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Venom has been a polarizing movie force ever since it was first announced. Sure, the character is massively popular and responsible for one of the greatest turns in Spider-Man comic history, but details about the long-awaited adaptation slowly turned it into a harder sell. It will have little to nothing to do with the Marvel Cinematic Universe, even though they and Sony Pictures still share custody rights to Spider-Man films.

Much like Wolverine before the lauded Logan dropped last year, Venom's PG-13 rating felt like a missed opportunity for one of comics' most notoriously grisly characters. The Venom suit, missing its iconic white spider chest and back emblems, looks like spit-up frosting with veins. The jokes almost all fall flat ("Like a turd. In the wind.") And even actors the likes of Hardy, Ahmed, and Michelle Williams can't even pronounce the word "symbiote" right. A disappointing idea on paper shaping up to be an even more disappointing finished product is a recurring theme in 2018, but as I've watched every trailer and kept up with every new development, one thought always comes to mind: "This movie looks a lot like Upgrade." 

After a premiere at this year's past South By Southwest, Upgrade leaped into theaters this past summer with science fiction on its mind and gore in its heart. It follows mechanic Grey Trace (Logan Marshall-Greene), who lives in a future where ever-evolving tech is making his job more and more obsolete to people who aren't vintage collectors. Grey and his tech sector wife Asha wind up in a car crash while on the way home from a potentially huge car sale; she's shot in the stomach and left to die, he has his spine severed and is left to pick up the pieces of his life as a quadriplegic.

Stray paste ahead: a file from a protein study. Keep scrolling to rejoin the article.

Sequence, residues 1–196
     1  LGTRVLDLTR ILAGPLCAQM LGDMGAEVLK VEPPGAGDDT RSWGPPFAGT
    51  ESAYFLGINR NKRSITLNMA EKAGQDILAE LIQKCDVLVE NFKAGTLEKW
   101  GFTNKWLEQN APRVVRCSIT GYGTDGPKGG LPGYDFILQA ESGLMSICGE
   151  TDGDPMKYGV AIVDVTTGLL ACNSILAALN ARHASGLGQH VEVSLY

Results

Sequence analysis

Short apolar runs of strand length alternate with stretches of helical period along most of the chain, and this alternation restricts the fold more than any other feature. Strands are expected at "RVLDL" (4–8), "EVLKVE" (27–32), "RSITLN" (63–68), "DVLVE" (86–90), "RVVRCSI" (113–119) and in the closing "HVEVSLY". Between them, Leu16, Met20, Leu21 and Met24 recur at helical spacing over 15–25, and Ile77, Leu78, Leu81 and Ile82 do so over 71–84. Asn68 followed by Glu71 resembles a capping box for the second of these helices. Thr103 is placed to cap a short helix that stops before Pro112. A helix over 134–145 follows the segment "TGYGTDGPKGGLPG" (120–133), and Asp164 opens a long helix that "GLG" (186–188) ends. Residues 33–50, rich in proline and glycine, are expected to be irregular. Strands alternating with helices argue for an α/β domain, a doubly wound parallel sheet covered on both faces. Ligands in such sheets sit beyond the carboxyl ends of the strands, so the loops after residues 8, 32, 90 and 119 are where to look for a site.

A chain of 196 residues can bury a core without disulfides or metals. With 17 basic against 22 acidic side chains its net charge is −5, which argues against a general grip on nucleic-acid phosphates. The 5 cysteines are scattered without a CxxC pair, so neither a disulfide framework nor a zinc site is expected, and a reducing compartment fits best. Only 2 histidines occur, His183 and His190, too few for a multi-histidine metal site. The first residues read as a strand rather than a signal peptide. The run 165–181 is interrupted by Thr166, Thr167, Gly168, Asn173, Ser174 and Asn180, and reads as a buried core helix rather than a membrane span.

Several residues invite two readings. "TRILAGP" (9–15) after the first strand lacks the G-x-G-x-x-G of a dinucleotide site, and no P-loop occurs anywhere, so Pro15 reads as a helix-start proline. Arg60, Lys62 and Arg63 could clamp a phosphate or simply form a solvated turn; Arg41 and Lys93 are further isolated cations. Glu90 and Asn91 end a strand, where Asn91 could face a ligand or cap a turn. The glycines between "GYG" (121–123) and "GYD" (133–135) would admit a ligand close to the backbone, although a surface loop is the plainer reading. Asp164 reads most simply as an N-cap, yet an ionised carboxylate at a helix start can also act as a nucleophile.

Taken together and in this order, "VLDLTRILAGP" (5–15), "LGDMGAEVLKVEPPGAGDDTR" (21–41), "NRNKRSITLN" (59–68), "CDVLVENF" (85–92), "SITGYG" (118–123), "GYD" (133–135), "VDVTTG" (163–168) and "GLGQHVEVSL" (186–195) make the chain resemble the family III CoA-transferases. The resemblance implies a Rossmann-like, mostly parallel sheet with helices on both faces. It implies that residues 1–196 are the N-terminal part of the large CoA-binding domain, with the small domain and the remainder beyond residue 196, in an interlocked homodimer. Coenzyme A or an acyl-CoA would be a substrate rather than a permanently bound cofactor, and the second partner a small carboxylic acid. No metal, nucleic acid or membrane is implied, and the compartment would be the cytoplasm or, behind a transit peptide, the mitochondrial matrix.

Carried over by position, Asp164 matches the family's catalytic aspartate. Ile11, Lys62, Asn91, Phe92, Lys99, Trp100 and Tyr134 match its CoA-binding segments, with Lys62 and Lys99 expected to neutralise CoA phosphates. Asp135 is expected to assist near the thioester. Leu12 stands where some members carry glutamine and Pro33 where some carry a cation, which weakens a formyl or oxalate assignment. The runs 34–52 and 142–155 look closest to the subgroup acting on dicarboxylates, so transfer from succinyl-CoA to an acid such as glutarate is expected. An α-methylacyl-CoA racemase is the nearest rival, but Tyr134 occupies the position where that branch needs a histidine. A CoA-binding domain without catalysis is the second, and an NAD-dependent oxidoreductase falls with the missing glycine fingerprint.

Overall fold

Eddie Brock in Venom, meanwhile, is a no-nonsense reporter who wants the scoop on the seedy Los Angeles tech sector, led by Carlton Drake (Riz Ahmed), who is experimenting with alien symbiotes as a cure-all for the planet's ills. Brock is unwittingly infected with one, which quickly takes over his body and transforms into the Venom that we all know and love. The person Grey sold the vintage car to in Upgrade just so happens to be Eron Keen, the head of a tech company called Vessel that has been working on some groundbreaking tech: a tiny robot called STEM that can be implanted into the spine, essentially giving you remote control over your body. Grey accepts but quickly realizes things are moving faster when STEM begins talking to him, egging an already grief-stricken Grey to search for his wife's killers. In moments of stress, Grey can even turn control of his body over to STEM, who fights with bloody efficiency and renders Grey a passenger in his own body, much like the Venom symbiote renders Eddie...at first.  

Starting to see the pattern here? I couldn't help but feel that I'd already seen the best version of the Venom story in the form of Upgrade. Its story paid more than lip service to a satire of real-life science and technology and indulged in the kind of Hard R violence you would expect to see in an exploitation movie. It's a joy to see Marshall-Greene react to his body moving on its own and especially jarring when the first action scene inside of one of the killer's houses leads to a severe cut smile that would even make the Joker blush. The dark humor of Grey reacting to both his overwhelming situation and STEM's constant invasion of privacy - a direct parallel to the way Eddie and the Venom symbiote communicate - feels natural instead of stilted. There's an almost Black Mirror or Twilight Zone quality to the film's balance of dark humor and even darker social ambitions that doesn't hold up all the way through but showed more promise in its first half than most of Venom is sure to show in its entire 2+ hour run time. 

It feels unfair to make the comparison if only because Venom is a movie I haven't seen yet. Early press and trailers have forced my foot into my mouth before and I still hold a lot of love for the entire symbiote family. Venom also isn't working toward the same lofty ambitions as Upgrade; not every thrill ride needs to be cerebral. But the footage we have is the footage we have, and Venom is shaping up to be yet another "grown-up" superhero adaptation that went tame and missed the mark. I won't be surprised when/if Upgrade proves itself a sharper story better told when Venom finally drops in theaters this Friday.